Thompson, the lawyer in the Minnesota case, said that after decades of bringing suits against the Catholic church, “It’s awful that we have to be as active as we are. But it’s a good journey to sit with survivors and whistleblowers, doing something to protect kids, knowing they [the church] are not.”

Staff writer Michelle Boorstein contributed to this report.
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Pope: 2 weeks 5 hours ago #4218

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To those who abuse minors I would say this: convert and hand yourself over to human justice, and prepare for divine justice. Remember the words of Christ: “Whoever causes one of these little ones who believe in me to sin, it would be better for him to have a great millstone fastened around his neck and to be drowned in the depth of the sea. Woe to the world because of scandals! For it is necessary that scandals come, but woe to the man by whom the scandal comes!” (Mt 18:6-7).

We are also experiencing a new age of martyrs. It seems that the cruel and vicious persecution of the Roman Empire has not yet ended. A new Nero is always being born to oppress believers solely because of their faith in Christ. New extremist groups spring up and target churches, places of worship, ministers and members of the faithful. Cabals and cliques new and old live by feeding on hatred and hostility to Christ, the Church and believers. How many Christians even now bear the burden of persecution, marginalization, discrimination and injustice throughout our world. Yet they continue courageously to embrace death rather than deny Christ. How difficult it is, even today, freely to practice the faith in all those parts of the world where religious freedom and freedom of conscience do not exist.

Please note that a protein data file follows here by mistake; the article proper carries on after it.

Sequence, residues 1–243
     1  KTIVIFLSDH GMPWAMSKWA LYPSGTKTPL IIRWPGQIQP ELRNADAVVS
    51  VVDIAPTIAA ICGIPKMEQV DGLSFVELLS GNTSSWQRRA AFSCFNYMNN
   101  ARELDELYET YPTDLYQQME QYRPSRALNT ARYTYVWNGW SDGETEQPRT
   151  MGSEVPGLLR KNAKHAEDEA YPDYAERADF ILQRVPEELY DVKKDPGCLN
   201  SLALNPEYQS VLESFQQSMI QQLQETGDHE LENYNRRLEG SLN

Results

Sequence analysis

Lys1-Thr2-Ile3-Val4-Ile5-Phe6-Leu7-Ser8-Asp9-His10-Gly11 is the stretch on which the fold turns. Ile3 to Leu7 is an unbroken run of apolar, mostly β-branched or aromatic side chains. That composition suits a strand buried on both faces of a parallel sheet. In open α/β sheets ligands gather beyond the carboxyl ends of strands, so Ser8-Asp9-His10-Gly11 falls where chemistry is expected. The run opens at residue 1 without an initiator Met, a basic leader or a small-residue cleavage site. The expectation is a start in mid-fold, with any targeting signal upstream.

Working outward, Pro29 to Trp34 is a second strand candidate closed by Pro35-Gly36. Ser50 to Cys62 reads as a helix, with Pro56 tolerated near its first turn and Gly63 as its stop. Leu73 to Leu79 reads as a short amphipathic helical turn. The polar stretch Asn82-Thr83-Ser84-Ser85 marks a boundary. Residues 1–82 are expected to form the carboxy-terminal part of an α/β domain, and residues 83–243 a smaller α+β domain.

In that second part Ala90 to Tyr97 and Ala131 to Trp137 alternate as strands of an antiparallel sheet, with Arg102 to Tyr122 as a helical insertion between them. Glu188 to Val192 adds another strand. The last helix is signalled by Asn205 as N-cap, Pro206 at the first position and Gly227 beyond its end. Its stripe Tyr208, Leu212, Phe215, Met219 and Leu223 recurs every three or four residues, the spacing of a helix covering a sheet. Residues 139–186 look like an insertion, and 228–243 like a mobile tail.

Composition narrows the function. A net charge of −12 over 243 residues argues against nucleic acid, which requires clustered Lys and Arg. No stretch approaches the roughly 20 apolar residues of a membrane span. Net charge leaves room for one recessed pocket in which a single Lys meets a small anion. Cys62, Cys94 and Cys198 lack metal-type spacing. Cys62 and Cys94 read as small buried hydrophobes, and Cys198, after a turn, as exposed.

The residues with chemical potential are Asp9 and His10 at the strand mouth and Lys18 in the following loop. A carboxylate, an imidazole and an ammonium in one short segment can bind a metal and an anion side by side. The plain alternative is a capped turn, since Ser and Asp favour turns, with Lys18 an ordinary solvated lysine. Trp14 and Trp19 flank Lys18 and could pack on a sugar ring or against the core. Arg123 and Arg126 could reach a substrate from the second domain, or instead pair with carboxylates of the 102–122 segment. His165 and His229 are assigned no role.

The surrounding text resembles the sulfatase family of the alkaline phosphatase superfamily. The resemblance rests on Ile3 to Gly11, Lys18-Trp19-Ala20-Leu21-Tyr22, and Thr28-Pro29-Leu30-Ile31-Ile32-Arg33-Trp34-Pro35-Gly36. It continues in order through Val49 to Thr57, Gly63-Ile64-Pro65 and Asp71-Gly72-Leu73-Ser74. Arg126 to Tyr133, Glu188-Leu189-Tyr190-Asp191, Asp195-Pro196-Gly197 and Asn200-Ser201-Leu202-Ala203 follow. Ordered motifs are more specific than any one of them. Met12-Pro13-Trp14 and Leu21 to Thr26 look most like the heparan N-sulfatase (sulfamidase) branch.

The sins and crimes of consecrated persons are further tainted by infidelity and shame; they disfigure the countenance of the Church and undermine her credibility. The Church herself, with her faithful children, is also a victim of these acts of infidelity and these real sins of “peculation”.

Dear brothers and sisters,
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Let it be clear that before these abominations the Church will spare no effort to do all that is necessary to bring to justice whosoever has committed such crimes. The Church will never seek to hush up or not take seriously any case. It is undeniable that some in the past, out of irresponsibility, disbelief, lack of training, inexperience – we need to judge the past with a hermeneutics of the past – or spiritual and human myopia, treated many cases without the seriousness and promptness that was due. That must never happen again. This is the choice and the decision of the whole Church.

This coming February, the Church will restate her firm resolve to pursue unstintingly a path of purification. She will question, with the help of experts, how best to protect children, to avoid these tragedies, to bring healing and restoration to the victims, and to improve the training imparted in seminaries. An effort will be made to make past mistakes opportunities for eliminating this scourge, not only from the body of the Church but also from that of society. For if this grave tragedy has involved some consecrated ministers, we can ask how deeply rooted it may be in our societies and in our families. Consequently, the Church will not be limited to healing her own wounds, but will seek to deal squarely with this evil that causes the slow death of so many persons, on the moral, psychological and human levels.